I wish I could say that I was trying to do all of this when I first began writing Suzette’s triptych, but honestly, I just wanted her to feel relatable if we were going to spend so much time together. But Suzette proved to be smarter than I can rightfully take credit for. She taught me even more about the power and nuance of my many languages, and how, even in the mouth of a girl who has never experienced some of the things most of us take for granted, it is a powerful tool of knowing. I’ve discovered that the writing process is not always about my characters coming into their own; it’s about their reminding me what rich repositories of knowledge belong to me as a Black person through the uses of my many tongues, and how knowledge transmitted between members of my community enrich us all in ways I can’t always articulate outside the language in question. But maybe I don’t have to. If you know, you know. And if you’re willing to know, you can find out too. Simply pay attention, remember that every shut eye ain’t sleep, and know that just because a woman loves a good lace-front wig doesn’t mean she don’t got a good noggin underneath.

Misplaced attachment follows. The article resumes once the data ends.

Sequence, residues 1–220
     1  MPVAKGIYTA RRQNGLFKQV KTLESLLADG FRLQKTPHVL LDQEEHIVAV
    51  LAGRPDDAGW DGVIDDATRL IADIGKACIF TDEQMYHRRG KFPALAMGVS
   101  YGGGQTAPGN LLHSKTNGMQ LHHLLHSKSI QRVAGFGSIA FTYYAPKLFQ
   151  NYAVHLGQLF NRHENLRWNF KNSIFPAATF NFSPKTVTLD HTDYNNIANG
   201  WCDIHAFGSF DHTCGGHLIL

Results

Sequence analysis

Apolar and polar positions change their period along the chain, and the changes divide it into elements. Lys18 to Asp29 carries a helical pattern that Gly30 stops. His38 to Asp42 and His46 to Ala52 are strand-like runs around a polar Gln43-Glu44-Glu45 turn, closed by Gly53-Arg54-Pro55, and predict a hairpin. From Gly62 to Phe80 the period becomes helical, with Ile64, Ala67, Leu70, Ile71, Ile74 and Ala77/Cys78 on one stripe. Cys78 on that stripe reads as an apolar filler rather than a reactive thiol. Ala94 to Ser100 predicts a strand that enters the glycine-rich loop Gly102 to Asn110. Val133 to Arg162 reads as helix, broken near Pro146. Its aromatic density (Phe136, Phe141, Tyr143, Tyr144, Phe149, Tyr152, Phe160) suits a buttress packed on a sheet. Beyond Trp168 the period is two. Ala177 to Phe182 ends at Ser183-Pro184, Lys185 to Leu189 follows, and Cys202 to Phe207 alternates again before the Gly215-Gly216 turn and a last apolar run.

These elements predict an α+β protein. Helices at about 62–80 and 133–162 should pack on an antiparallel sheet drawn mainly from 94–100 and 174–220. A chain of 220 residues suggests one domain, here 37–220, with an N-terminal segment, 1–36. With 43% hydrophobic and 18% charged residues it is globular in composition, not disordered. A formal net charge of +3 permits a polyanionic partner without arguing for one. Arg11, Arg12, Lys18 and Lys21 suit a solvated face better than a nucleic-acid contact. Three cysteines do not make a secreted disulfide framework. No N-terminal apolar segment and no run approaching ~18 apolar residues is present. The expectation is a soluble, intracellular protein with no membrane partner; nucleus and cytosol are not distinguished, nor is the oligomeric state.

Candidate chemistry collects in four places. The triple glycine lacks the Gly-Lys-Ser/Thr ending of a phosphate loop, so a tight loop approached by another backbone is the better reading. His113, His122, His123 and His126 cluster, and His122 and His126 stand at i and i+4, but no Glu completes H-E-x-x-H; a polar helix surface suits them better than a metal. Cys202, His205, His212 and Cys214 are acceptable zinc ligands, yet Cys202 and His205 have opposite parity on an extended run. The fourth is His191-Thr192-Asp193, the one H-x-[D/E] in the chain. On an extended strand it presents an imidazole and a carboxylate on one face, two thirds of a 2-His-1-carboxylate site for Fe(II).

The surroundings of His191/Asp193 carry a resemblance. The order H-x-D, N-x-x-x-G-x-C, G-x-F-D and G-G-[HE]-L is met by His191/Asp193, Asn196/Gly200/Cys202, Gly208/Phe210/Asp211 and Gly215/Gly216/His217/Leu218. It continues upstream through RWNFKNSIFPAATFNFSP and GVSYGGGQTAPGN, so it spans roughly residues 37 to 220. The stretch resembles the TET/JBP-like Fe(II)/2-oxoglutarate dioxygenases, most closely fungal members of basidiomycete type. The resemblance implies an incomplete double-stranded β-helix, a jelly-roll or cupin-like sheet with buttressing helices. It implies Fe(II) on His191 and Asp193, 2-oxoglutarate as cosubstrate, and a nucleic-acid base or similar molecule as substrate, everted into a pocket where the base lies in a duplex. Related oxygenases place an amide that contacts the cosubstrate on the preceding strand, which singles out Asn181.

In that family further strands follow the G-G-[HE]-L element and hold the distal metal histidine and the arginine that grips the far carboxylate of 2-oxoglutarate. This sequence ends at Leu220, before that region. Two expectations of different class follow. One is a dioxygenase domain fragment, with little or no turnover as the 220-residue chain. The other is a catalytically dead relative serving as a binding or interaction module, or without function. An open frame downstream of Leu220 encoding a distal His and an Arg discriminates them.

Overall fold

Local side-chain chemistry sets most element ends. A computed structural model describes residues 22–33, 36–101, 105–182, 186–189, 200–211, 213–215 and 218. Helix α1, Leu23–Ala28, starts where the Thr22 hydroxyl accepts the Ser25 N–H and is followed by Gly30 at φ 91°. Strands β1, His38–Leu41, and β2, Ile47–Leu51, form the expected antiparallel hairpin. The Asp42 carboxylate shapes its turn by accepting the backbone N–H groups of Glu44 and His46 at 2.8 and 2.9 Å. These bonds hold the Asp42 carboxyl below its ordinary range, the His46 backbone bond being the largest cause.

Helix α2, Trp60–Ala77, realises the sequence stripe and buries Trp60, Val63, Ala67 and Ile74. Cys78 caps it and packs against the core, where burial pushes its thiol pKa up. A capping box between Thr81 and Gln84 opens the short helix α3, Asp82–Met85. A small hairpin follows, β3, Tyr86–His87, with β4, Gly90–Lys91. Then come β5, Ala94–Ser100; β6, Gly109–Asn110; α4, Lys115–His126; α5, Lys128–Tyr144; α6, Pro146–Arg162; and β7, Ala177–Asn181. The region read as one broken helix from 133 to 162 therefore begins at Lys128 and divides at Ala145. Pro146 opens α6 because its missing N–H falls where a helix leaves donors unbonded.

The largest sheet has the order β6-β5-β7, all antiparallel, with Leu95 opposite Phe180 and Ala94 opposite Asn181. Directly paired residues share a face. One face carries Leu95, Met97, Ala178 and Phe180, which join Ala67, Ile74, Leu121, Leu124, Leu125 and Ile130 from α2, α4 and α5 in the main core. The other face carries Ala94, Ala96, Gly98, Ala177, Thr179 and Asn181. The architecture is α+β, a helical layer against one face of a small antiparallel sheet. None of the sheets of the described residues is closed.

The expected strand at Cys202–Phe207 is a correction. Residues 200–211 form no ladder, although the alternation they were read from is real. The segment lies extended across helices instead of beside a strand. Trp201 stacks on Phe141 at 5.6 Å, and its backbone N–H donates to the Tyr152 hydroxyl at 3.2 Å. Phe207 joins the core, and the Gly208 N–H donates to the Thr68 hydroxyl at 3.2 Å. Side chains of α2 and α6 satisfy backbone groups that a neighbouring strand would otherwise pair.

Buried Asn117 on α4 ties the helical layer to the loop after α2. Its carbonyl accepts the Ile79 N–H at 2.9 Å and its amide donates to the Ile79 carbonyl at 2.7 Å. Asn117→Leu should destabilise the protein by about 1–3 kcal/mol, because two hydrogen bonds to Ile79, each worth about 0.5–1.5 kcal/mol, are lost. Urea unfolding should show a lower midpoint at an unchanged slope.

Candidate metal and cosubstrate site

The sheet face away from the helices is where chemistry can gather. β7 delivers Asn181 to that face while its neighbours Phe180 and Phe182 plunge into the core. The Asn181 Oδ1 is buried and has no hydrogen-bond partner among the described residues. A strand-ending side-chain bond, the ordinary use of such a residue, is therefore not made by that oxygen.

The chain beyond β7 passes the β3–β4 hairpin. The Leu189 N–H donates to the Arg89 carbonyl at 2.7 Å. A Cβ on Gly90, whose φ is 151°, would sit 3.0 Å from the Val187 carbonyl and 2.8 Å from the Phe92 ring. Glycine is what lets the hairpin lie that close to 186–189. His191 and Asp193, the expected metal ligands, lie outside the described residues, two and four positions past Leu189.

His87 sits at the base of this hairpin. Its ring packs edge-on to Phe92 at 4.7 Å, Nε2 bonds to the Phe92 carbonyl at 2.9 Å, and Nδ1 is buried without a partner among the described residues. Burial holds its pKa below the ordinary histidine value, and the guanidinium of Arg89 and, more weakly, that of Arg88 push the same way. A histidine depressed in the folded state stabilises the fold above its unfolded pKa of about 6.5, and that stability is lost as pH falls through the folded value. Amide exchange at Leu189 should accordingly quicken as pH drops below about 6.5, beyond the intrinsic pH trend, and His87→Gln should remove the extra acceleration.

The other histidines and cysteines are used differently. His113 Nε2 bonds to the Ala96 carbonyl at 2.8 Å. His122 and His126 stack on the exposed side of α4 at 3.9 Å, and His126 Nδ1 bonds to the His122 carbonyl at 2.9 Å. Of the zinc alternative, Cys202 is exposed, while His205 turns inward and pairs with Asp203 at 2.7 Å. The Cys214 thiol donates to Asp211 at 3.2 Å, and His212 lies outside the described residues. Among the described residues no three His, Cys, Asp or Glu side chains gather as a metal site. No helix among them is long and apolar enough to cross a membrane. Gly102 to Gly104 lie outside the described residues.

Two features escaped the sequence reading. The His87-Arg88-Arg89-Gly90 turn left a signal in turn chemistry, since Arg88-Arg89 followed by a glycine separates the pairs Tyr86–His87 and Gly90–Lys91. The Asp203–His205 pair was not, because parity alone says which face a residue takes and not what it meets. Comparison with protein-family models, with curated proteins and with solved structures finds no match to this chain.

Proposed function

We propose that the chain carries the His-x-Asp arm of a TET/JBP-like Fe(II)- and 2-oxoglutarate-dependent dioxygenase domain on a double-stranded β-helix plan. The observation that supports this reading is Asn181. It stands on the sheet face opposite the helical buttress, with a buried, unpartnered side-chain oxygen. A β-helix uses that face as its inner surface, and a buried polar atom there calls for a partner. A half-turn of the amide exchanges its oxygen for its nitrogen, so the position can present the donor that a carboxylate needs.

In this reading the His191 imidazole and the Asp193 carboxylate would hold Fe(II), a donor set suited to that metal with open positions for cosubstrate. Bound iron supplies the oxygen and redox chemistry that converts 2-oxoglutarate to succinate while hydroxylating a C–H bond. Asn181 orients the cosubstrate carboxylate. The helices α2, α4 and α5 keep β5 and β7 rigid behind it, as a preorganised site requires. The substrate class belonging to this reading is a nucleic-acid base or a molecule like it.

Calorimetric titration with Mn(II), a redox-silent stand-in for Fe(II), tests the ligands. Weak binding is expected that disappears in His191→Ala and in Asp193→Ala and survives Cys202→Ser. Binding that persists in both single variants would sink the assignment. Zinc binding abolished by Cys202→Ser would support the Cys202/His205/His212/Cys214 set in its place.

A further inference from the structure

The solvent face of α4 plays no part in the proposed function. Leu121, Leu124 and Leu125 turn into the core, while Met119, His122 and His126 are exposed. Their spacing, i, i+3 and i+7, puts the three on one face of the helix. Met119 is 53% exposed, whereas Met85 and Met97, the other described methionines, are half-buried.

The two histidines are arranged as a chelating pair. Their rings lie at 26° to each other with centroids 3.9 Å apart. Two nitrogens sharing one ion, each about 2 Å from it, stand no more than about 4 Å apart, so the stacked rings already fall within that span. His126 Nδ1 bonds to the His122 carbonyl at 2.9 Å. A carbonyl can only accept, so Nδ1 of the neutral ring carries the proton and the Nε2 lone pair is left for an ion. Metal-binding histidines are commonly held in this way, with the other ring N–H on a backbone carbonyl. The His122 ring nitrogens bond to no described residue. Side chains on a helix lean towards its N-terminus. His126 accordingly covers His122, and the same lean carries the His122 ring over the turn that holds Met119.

It’s painful to admit that I, Suzette’s creator, had to consciously walk back the institutional training that had prompted me to dismiss her while trying to convey her character to a white workshop member. But in the process of reevaluating my unprovoked complicity in the same respectability politics I work so hard to eschew, I came to a better understanding of Suzette’s value and complexity, which broadened the scope of possibility for who she could become by her story’s end. And if I do say so myself, she grows, she blossoms, and she schools us all. She becomes that bitch, still talking the same talk and walking the same walk from beginning to end. I’m proud of her.
Destiny O. Birdsong is a poet, novelist, and essayist whose work has appeared in the Paris Review Daily, African American Review, and Catapult, among other publications. Her debut poetry collection, Negotiations, was published in 2020 by Tin House and was longlisted for the 2021 PEN/Voelcker Award. Her first novel, Nobody’s Magic, is forthcoming from Grand Central Publishing on February 8.Art: Sai De Silva